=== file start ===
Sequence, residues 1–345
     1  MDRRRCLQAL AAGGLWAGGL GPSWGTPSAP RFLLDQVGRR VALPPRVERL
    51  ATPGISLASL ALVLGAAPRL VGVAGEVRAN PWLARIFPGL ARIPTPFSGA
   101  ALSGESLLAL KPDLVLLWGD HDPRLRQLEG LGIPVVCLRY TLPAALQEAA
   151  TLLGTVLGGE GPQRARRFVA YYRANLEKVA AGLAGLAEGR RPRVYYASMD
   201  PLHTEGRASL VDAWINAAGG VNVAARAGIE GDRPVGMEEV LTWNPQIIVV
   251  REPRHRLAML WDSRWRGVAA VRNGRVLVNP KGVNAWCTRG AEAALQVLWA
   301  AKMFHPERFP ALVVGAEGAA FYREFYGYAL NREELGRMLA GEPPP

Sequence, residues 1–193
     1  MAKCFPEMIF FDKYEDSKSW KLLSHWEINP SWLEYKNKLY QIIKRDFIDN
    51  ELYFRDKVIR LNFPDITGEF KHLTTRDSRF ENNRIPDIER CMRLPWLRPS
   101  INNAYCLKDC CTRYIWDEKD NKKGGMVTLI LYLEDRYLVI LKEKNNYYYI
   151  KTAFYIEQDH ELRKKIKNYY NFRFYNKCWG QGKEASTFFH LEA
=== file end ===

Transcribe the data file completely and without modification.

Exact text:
Sequence, residues 1–345
     1  MDRRRCLQAL AAGGLWAGGL GPSWGTPSAP RFLLDQVGRR VALPPRVERL
    51  ATPGISLASL ALVLGAAPRL VGVAGEVRAN PWLARIFPGL ARIPTPFSGA
   101  ALSGESLLAL KPDLVLLWGD HDPRLRQLEG LGIPVVCLRY TLPAALQEAA
   151  TLLGTVLGGE GPQRARRFVA YYRANLEKVA AGLAGLAEGR RPRVYYASMD
   201  PLHTEGRASL VDAWINAAGG VNVAARAGIE GDRPVGMEEV LTWNPQIIVV
   251  REPRHRLAML WDSRWRGVAA VRNGRVLVNP KGVNAWCTRG AEAALQVLWA
   301  AKMFHPERFP ALVVGAEGAA FYREFYGYAL NREELGRMLA GEPPP

Sequence, residues 1–193
     1  MAKCFPEMIF FDKYEDSKSW KLLSHWEINP SWLEYKNKLY QIIKRDFIDN
    51  ELYFRDKVIR LNFPDITGEF KHLTTRDSRF ENNRIPDIER CMRLPWLRPS
   101  INNAYCLKDC CTRYIWDEKD NKKGGMVTLI LYLEDRYLVI LKEKNNYYYI
   151  KTAFYIEQDH ELRKKIKNYY NFRFYNKCWG QGKEASTFFH LEA